The paradox of passion
I just came across an article, “Why Creative People Sometimes Make No Sense,” which discusses the paradoxical nature of creative individuals. The article cites the work of one well-known researcher who identified 10 paradoxes observed in people who are considered creative. From the standpoint of Deep Creativity, these apparent contradictions make a great deal of sense. So, we will take a closer look at a few of them, starting with I call the Paradox of Passion:
Creative individuals have a great deal of energy, but they are also often quiet and at rest.
Creativity is not the exclusive domain of a few special individuals. Each of us has been granted the gifts from which creativity arises. Perhaps the most important of those gifts is passion. I know that you are passionate about something, even if you have yet to identify that passion and give it a name. The individuals that we call “creative” have not just done that; they have given themselves to their passion and thrown themselves entirely into the creative experience.
And what is passion, after all, but the energy of desire? If you are passionate about anything, it energizes you. Your passion drives you every day. It may be the reason you jump out of bed in the morning, eager to get started on the adventure of the day. That adventure begins when you immerse yourself in the activities and experiences you enjoy. If your passion involves creativity, then the magic happens when you “lose yourself” in the act of creating, which means that your attention is so absorbed in what you are doing that all else disappears from your awareness.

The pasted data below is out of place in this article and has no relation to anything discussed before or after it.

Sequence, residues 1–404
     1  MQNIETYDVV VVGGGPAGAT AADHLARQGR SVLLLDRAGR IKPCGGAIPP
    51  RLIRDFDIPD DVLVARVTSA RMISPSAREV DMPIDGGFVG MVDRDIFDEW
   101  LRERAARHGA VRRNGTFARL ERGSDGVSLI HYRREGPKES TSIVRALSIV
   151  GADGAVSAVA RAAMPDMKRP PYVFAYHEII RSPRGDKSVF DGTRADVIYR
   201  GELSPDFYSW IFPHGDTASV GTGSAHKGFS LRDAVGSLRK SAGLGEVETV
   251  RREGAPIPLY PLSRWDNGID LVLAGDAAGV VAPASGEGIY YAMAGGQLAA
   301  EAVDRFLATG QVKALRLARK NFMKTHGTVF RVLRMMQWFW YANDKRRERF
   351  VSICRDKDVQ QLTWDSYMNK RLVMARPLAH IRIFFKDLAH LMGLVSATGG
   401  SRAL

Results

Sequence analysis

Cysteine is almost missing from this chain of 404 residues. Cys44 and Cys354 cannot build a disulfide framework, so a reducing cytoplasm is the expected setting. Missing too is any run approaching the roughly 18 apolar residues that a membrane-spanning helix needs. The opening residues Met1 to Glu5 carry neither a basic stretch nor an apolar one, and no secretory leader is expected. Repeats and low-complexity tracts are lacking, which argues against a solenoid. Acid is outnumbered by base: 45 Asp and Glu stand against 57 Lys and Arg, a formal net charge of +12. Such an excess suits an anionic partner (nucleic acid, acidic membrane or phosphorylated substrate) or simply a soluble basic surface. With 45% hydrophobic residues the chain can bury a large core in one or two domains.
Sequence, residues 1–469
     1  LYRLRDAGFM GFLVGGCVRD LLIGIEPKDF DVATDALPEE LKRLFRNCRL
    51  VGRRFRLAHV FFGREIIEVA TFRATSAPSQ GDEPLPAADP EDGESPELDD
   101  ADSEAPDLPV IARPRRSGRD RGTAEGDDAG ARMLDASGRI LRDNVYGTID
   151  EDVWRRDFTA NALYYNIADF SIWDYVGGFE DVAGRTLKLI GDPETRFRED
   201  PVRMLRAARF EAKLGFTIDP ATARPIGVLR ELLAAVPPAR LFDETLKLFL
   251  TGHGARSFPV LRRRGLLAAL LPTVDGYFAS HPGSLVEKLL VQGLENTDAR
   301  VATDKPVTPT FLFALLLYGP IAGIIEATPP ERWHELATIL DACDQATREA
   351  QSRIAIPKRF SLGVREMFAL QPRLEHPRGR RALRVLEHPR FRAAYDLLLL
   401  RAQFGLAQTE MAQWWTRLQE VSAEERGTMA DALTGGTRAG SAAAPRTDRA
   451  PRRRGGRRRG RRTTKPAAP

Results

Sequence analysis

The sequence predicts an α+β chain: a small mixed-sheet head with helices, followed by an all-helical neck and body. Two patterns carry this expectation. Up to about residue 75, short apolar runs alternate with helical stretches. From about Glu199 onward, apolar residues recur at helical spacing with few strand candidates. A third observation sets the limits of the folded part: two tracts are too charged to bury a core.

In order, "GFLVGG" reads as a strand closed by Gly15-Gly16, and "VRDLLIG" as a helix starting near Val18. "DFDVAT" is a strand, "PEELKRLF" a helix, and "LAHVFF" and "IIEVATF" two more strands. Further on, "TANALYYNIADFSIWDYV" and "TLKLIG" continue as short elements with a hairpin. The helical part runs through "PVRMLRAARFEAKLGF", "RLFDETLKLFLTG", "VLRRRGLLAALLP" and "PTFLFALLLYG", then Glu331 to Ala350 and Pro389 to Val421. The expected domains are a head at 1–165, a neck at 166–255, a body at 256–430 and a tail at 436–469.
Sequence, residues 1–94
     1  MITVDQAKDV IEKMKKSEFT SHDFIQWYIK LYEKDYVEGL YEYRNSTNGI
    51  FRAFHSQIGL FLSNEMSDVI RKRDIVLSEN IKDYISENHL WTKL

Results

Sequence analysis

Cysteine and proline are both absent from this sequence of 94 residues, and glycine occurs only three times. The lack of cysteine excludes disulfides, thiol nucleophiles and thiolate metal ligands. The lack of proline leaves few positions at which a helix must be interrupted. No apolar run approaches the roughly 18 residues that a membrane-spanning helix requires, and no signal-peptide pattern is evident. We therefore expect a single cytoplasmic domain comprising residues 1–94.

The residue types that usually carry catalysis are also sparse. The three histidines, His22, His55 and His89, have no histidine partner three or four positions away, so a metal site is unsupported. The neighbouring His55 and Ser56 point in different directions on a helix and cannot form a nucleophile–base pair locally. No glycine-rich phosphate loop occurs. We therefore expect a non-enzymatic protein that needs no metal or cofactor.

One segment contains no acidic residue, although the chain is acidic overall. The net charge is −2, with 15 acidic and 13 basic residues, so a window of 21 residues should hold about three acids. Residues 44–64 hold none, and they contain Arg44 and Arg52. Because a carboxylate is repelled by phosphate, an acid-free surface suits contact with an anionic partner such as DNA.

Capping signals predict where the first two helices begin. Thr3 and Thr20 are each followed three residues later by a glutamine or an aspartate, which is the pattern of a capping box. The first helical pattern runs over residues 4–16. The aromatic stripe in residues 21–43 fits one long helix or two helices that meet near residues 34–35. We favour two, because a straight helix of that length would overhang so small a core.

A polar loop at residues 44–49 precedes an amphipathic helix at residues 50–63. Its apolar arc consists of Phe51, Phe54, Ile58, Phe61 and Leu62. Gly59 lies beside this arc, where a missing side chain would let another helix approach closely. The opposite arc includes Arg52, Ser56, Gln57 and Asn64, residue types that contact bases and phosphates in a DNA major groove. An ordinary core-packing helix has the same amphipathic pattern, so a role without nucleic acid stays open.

Passion breeds single-mindedness. People who are passionate about creativity may lose track of absolutely everything when they are engaged in the creative act, including: social obligations; mundane chores and responsibilities; bodily needs like food and sleep; time and space; and even their sense of self. For moments, hours, or even days at a time, their attention is consumed entirely by the creative experience.
Passion also breeds quiescence, which is the ability to silence the mind entirely. As I explain in Deep Creativity, if you fix your attention on one thought, that will lead you eventually to a condition of “no thought.” In the mental silence that ensues, you connect most intimately with the one and only source of your creativity. That source abides fully in the present moment. In order to create, you must live this moment to the max. Whatever you have been in the past or will be in the future has no bearing. Creativity happens when you give yourself entirely to the experience of the present: Here and Now, Baby!
Time is not a factor in creativity because the creative experience transcends time. This is something that psychologists and neuroscientists who write about creativity have failed to grasp. For instance, the late great Oliver Sacks misidentified time as an essential element of creative breakthroughs. Yet, he would have recognized that most such breakthroughs happen instantaneously. That is why we talk about “Eureka!” moments. Those who claim that some kind of waiting period is needed for creativity to arise need to answer one simple question: What exactly are you waiting for?
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